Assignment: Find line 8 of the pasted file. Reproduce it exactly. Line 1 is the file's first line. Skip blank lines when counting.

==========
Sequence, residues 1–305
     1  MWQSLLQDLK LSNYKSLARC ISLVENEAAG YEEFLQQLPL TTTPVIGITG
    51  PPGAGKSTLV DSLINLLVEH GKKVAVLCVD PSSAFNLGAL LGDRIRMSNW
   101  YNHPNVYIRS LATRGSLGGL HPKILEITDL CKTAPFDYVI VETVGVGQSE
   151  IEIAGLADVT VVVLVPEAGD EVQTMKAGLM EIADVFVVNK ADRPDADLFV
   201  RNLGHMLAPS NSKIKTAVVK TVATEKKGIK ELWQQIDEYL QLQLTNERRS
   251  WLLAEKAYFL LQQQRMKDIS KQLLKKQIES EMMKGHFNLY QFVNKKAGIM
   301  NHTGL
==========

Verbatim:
   301  NHTGL